The Watercolour Illusion

I’m currently giving a hand with an exhibition on the science and art of illusion, called IllusoriaMente, which will be on in Alghero, Sardinia (italy) in the first week in September, in association with the annual European Conference on Visual Perception.  During the preparations I’ve come across this illusion, which I’d heard of but not checked out.  It’s beautiful and extraordinary.  The areas bounded by three wiggly loops in the picture look different colours, as if just tinted with watercolour, but the effect depends on the brain doing the colouring in.  Each boundary is made up of a dark and a lighter strip.  The infilling always takes its cue from the colour of the lighter strip, and always in the direction from the darker strip towards and beyond the lighter strip.  So in this image, the effect is a bit paradoxical.  The colour appears inside the two islands on the left, in comparison with the white background.  Yet to the right the colouring is outside the island, with the island itself looking a brighter shade of white than the overall background.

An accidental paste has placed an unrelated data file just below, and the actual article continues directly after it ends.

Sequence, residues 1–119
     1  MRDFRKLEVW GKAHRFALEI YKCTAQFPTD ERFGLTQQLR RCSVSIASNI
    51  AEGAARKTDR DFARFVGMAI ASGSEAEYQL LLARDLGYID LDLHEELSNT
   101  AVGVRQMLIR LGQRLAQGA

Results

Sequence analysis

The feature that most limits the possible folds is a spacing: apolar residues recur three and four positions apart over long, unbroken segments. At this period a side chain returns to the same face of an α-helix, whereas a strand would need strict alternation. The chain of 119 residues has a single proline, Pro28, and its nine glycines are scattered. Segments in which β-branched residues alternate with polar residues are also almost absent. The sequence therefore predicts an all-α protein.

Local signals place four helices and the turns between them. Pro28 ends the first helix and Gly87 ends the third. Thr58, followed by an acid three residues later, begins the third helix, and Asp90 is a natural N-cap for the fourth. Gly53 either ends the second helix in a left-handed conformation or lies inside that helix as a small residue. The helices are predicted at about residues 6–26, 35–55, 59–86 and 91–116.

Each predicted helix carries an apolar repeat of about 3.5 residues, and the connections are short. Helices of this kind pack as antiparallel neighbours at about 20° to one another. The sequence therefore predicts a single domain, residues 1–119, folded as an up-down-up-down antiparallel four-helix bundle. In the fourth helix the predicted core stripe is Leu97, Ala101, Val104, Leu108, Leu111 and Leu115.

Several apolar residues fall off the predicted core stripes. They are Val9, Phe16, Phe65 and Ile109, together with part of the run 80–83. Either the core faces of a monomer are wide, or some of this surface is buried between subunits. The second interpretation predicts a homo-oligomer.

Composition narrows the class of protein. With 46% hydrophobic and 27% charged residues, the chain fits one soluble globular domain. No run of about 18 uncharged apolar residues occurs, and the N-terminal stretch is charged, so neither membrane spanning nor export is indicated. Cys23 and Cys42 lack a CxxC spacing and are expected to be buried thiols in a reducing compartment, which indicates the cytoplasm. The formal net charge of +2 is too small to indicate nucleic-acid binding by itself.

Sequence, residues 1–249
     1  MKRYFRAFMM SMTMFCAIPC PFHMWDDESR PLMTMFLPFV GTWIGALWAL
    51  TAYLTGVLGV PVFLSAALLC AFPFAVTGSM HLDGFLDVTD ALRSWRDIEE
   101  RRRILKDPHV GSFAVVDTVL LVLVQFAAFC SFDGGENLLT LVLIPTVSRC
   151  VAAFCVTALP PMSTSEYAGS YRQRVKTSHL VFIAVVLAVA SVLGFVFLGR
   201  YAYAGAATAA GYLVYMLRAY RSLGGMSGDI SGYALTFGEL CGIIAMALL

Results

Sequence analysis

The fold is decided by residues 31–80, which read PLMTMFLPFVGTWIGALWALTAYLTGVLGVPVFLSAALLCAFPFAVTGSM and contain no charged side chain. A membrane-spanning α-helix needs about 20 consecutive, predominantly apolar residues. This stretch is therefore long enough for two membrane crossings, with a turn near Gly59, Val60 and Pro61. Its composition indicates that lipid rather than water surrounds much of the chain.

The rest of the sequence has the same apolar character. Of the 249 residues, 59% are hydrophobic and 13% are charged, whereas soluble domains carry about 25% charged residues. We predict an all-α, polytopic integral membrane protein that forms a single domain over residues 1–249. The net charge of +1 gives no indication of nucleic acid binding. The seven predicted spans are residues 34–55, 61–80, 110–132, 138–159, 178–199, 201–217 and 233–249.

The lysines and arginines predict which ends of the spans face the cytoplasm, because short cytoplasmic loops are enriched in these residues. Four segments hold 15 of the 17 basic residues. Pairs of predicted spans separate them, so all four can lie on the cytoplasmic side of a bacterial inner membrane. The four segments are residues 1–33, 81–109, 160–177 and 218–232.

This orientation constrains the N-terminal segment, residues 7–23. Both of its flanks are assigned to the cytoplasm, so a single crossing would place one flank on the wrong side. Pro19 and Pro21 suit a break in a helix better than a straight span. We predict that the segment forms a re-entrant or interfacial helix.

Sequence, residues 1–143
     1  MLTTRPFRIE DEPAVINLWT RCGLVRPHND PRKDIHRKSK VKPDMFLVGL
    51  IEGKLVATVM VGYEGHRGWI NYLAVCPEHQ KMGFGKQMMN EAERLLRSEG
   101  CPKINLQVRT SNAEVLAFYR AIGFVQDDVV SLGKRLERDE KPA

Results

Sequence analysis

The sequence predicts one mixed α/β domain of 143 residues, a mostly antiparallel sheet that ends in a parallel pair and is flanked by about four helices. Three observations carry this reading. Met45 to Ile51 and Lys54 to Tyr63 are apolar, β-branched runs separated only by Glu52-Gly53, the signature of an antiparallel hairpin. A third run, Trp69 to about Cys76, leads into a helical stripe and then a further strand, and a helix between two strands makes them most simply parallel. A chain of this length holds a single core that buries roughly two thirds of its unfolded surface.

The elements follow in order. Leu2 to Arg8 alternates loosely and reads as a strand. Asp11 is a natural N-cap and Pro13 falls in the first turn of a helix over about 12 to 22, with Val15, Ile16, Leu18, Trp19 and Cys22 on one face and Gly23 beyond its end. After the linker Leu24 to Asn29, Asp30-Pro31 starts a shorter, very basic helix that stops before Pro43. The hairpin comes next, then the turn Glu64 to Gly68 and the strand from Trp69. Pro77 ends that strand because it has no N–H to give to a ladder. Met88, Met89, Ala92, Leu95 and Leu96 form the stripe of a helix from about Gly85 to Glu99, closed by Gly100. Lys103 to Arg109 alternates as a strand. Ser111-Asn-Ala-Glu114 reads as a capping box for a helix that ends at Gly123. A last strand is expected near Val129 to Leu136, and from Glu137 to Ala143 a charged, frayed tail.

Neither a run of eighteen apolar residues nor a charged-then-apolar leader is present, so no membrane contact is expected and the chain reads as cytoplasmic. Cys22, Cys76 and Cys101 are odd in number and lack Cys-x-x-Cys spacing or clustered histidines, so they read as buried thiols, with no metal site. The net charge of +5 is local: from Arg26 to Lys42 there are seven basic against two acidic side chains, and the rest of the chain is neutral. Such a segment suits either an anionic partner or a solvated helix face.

Two different processes seem to be co-operating, a colouring effect, and a figure/ground effect, enhancing the separation between the surrounded areas and the background.  If you like a bit more technicality, there’s a Scholarpedia article, with references to academic papers, edited by Baingio Pinna, one of the pioneers researching into the effect (and the organsiser of this year’s ECVP conference in Alghero).

Note added at 10/12/12:  check out our slightly more recent post on the watercolour illusion in reverse.